The best part of the film is where Harry asks Sejal “What are we doing here?” and she replies saying “Khatam karte hain iss drame ko,” and by the end of 2+ hours, I and many others couldn’t agree more. So would you…
Cast: Shah Rukh Khan, Anushka Sharma, Aru Verma and Evelyn Sharma
What King Khan is to romance, Imtiaz Ali is to romantic story telling. His films have had a modern thought which relates to what today’s lifestyle and generation feels about relationships, lives, commitments and more. Ali’s recent film, Jab Harry met Sejal, starring Shah Rukh and Anushka Sharma is once again about a relationship and wanting that someone, something in life to share the moments and happiness with. But sadly, the storytelling falls flat and boring this time, primarily due to a poor script, silly character sketches, and lame writing.
(As shown in the trailer).
One fine day Harry aka Harinder Singh (Shah Rukh Khan), a tour guide in Europe, finishes a trip with a batch that hosts Sejal (Anushka Sharma) and her family. At the end of the trip, Sejal realises that she has lost her engagement ring, which has created a chaos in her life. She seeks Harry’s help to search the ring, and the Euro trip begins all over again, where they travel from one place to another in search of it, based on the clues she gets from her images and her sister. But somewhere during the journey, they help each other define the commitment they are looking for, eventually leading to a happy ending (quite predictable).
As I said earlier, it is the thought that is to be blamed. A film based on a ring, followed by illogical ideas, ending at a commitment and relationship, doesn’t really make sense. Despite the beautiful location and a highly capable cast; the film doesn’t make a mark. The first half of the film is decent, but as it progresses to the second, it gets slow, boring and highly predictable. The music and the score are mediocre and sadly does not add any benefit to the film. Both Shah Rukh Khan as Harry and Anushka Sharma as Sejal, are good in certain parts of the film.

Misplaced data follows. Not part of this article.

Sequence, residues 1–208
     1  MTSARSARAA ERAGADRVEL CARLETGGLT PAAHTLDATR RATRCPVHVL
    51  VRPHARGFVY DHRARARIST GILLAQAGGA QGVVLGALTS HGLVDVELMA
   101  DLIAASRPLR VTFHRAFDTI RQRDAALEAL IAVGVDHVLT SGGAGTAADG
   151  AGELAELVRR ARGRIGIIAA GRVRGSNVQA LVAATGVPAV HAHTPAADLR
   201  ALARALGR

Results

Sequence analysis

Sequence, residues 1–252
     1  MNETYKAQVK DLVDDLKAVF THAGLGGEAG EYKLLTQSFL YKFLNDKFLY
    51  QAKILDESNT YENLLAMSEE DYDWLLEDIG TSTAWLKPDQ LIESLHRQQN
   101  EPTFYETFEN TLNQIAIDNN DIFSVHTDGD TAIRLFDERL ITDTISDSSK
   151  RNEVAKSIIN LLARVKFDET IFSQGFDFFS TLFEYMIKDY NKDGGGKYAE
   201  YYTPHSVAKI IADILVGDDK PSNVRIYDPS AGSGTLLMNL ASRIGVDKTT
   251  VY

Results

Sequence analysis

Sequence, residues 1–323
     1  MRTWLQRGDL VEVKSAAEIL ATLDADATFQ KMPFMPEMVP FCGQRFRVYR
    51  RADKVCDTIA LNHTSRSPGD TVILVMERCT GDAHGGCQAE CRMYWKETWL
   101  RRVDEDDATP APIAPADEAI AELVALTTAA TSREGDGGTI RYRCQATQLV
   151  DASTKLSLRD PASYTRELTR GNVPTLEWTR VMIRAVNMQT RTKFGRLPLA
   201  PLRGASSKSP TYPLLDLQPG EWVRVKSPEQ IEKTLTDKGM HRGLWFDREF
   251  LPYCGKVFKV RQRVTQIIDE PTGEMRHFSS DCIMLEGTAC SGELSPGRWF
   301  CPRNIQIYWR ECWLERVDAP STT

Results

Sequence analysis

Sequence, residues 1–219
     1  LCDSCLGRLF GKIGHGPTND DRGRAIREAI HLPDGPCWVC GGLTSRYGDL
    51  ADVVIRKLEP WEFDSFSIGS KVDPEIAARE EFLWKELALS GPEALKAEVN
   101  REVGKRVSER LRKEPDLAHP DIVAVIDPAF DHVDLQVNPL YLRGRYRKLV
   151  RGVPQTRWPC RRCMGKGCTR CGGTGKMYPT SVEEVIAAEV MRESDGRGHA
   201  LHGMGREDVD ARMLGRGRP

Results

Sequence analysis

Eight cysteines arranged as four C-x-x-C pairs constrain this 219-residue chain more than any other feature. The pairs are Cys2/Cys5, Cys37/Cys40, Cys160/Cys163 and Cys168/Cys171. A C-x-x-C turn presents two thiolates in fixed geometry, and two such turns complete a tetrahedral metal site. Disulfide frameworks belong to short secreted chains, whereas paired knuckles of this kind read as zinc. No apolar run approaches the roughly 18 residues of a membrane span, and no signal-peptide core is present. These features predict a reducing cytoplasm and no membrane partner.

Sejal’s desperate attempt to deliver the dialogues in ‘Hindi with a Gujarati accent’ seems desperate and forced. Do youngsters today speak like that? I’m sure not! And, especially for such characters, it is fine if this detailing is avoided. Harry’s character has the same issues. When he is frustrated and disgusted, he mutters something in Punjabi and Shah Rukh doesn’t deliver that part well at all. For the rest, he is the same as in other films. His comfort in Hindi makes us a bit comfortable in watching the character in this slow paced boredom.
To sum it up, the film has no entertainment value. It’s only worth hitting the screens if you want to get a glimpse of Europe in a few hundred bucks. Otherwise, skip it, for you’ll walk out with the same question I have – Why Harry met Sejal?